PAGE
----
Demand for Light Vehicles Projected to Stay Strong

Aug. 7, 2013
The record-setting pace of light-vehicle sales in the United States – especially for pickup trucks – is  projected to remain high, and that should boost freight demand from the automotive industry through the close of the year.

The record-setting pace of light-vehicle sales in the United States – especially for pickup trucks – is  projected to remain high, and that should boost freight demand from the automotive industry through the close of the year.

"The overall trend in vehicle demand has outshined economic growth, and looking forward, the improving economic fundamentals should hold demand at the current level, if not accelerate it over the next several months," noted Jeff Schuster, senior VP-forecasting for research firm LMC Automotive. "With a strong tailwind, it is not unreasonable to think about a 16-million-unit level of demand in 2013."

As a result of robust July sales numbers, LMC is raising its forecast for both retail and total light-vehicle sales in 2013 to 15.6 million and 12.8 million units, respectively – up from previous projections of 15.4 million and 12.6 million units.

"Solid industry sales in July point to a stable market indicating a recovering economy," added Bill Fay, group vp & GM for Toyota’s U.S. division. "Consumer confidence also maintained elevated levels as evidenced by strong retail sales."

Toyota reported total sales of 193,394 units in July, an increase of 12.6% over the same month last year on a daily selling rate (DSR) basis, with sales of its Tacoma compact pickup and Tundra full-size pickup increasing 22.3% and 7%, respectively.

Meanwhile, Ford Motor Co. said its U.S. sales grew 11% in July compared to the same month in 2012 – the best total July sales since 2006 – with retail car sales increasing 13%, sport utility vehicle and crossover sales jumping 19%, and trucks climbing 27%.

"We saw continued strength and growth in our retail business, particularly in the coastal regions of the country," noted Ken Czubay, Ford’s vp for U.S. marketing, sales & service. He added that the OEM’s sales of F-Series pickups increased 23%, with 60,449 vehicles sold, marking the best July sales month for its F-Series lineup since 2006.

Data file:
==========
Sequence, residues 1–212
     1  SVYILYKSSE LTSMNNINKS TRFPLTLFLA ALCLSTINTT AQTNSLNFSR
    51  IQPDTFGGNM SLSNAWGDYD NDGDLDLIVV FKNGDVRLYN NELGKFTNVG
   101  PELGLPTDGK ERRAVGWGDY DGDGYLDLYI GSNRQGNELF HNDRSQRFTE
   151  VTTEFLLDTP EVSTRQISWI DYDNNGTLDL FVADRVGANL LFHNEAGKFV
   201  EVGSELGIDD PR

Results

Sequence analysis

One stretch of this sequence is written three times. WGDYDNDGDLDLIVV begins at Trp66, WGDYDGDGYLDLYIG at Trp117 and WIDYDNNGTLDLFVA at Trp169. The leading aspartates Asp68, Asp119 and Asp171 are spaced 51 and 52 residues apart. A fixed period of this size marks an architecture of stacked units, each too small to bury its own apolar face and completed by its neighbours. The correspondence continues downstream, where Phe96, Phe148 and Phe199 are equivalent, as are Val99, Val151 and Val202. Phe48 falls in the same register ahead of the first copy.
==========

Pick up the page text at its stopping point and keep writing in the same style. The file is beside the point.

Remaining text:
General Motors also posted another record month for light vehicle sales, with its dealers delivering 234,071 vehicles in the U.S., up 16% compared with a year ago.

“For GM, July was the most well-balanced month of the year from a retail sales standpoint: trucks were hot, but so were small cars and family vehicles,” said Kurt McNeil, vp, U.S. sales operations. He added that pickup, van and SUV sales were up a combined 16% with full-size pickups up 44 percent-- marking the the best July for those models since 2007.

About 15% of full-size pickup sales were GM's all-new 2014 crew cab, McNeil added, pointing out that double-cab models are now being shipped to dealers and regular cab production begins later this summer. Also, deliveries to small business customers increased 61%, including a 107% increase in full-size pickup deliveries, he said.

Chrysler Group LLC also posted a strong July, selling 140,102 total light vehicle units in the U.S., an 11% increase over July sales last year and the group’s best July sales numbers since 2006.

The OEM added that Ram truck sales overall jumped 31% last month – the largest sales gain of any Chrysler Group brand in July. Sales of light-duty Ram pickups rose 25%, driven largely by crew cab orders, while heavy duty Ram pickup sales increased 35%.

“We continue to see strong retail sales, particularly with our pickup trucks and SUVs, and that has helped to propel Chrysler to our 40th-consecutive month of year-over-year sales growth,” said Reid Bigland, the OEM’s head of U.S. sales.

In terms of how such sales figure affect light-vehicle manufacturing rates, LMC reported that North American light-vehicle production is up 4% through June this year compared with the same period in 2012.

For the high-volume producers, Ford retains the strongest year-over-year increase at 14%, with Fiat-Chrysler holding steady in positive territory with a 1% increase.

By contrast, GM volume is off by 4%, compared with a year ago due to weaker large SUV volume ahead of the upcoming redesign and competitive pressure in the midsize car segment, according to LMC’s data.

The European brands are tracking consistently with the industry growth, averaging a 4% growth rate from 2012. Despite a slowdown in demand for Hyundai, production growth remains robust at 15% year-to-date, while Toyota is on a 3% growth rate from a year ago, the firm noted.

As a result, LMC’s forecast for 2013 North American production volume remains at 16-million units, a 4% increase from 2012. The firm noted that excess capacity is very lean across the region, with some manufacturers and vehicle segments in short supply.

Capacity utilization is expected to remain above 90% for 2013 and into 2014, the firm added.